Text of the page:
The charge was ignited by Christine Blasey Ford’s testimony in front of the Senate Judiciary Committee. She told the committee that Supreme Court nominee Judge Brett Kavanaugh sexually assaulted her while she was in high school.

As the fight over the Brett Kavanaugh nomination continues to reverberate throughout the country, the shorthanded Supreme Court began its new term Monday. Republicans had hoped to seat nominee Brett Kavanaugh in time for the start of the term, but that, of course, did not happen.

First lady Melania Trump stood at the top of the airplane stairs in Accra, Ghana, smiled broadly and waving. Thus began the first stop of a multiday trip through the African continent that will take Trump to Ghana, Malawi, Kenya and Egypt, "four beautiful and very different countries in Africa," she said in recent remarks. It is her first solo foreign trip as first lady.

The thought that Donald Trump may have been totally unprepared to become president in November 2016 is one that's not new to those who have been following the day-to-day crises and dramas of the Trump White House closely.

But a case for this argument is revealingly and startlingly made by Michael Lewis in his fascinating — and at times harrowing — new book The Fifth Risk.

Donald Trump "personally directed" efforts to silence Stormy Daniels, The Wall Street Journal reported for the first time Tuesday morning.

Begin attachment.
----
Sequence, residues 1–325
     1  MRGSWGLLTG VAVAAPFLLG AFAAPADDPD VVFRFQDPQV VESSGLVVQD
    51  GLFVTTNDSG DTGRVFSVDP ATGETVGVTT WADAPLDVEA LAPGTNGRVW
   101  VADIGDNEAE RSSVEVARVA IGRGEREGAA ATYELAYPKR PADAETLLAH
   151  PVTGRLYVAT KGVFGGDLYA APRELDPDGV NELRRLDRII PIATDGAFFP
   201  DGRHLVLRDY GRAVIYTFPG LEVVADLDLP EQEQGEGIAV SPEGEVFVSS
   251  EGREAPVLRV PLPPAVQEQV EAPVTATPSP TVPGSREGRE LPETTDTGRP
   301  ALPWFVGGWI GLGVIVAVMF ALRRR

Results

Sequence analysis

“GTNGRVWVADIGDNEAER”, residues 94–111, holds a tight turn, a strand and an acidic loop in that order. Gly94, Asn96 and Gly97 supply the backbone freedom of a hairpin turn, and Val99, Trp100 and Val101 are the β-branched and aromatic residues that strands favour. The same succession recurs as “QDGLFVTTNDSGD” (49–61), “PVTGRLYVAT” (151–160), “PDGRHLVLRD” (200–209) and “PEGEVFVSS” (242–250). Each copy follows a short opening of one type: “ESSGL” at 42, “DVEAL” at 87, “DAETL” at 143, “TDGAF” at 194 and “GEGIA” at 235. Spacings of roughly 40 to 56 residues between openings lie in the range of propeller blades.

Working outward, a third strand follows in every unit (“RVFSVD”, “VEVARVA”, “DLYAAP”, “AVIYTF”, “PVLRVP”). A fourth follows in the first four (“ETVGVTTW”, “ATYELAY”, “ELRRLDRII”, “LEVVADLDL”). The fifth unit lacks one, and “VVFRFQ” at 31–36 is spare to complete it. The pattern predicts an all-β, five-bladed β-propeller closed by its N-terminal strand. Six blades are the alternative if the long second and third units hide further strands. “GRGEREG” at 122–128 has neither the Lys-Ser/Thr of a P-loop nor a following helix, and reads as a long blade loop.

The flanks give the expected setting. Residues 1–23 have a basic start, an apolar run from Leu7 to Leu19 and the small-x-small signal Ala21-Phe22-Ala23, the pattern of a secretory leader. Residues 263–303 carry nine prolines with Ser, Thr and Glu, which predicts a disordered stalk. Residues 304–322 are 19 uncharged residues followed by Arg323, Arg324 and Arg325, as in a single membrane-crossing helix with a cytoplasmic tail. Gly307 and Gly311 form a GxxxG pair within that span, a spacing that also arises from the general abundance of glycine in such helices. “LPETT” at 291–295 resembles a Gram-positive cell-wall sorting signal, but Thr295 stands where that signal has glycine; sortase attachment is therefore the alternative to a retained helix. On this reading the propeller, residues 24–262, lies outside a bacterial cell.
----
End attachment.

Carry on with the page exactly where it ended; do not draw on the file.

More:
Daniels, whose real name is Stephanie Clifford, will be unsurprised.

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A president who's often made demands of the Justice Department now insists - whatever works, it's all good.

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Drinking beer became such a theme in last week's Senate Judiciary Committee hearing that Saturday Night Live spoofed Supreme Court nominee Brett Kavanaugh's many references to drinking beer with his friends.

But there are serious questions underlying all the focus on beer: whether Kavanaugh was fully forthcoming in his testimony and what his behavior was like when drunk.

Christine Garcia, a 37-year-old stay-at-home mom, doesn't consider herself a particularly political person. But like a lot of women, she has strong opinions about President Trump.

"Maybe on the business side ... the money is better as far as I understand," Garcia said. "But a lot of the other things are very worrisome," she added with a laugh, as she pushed her daughter on a swing in a park in Birmingham, Mich., an affluent suburb of Detroit.

Garcia considers herself a fiscal conservative but a social liberal.

Former President Barack Obama weighed in on the midterm election conversation Monday, endorsing 260 candidates in federal and state races across the country.

That brings the former president's list of endorsed candidates for November's midterms, all Democrats, to over 300, as he released a tranche of endorsements in August as well.

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President Trump also fielded questions about his Supreme Court nominee Brett Kavanaugh during his press conference in the Rose Garden.

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California will be the first state to require publicly traded companies to have at least one woman on their board of directors.

The law, signed by Gov. Jerry Brown on Sunday, requires public companies whose principal executive offices are located in California to comply by the end of 2019. The minimum is two female directors if the company has five directors on its board, or three women if it has seven directors by the close of 2021.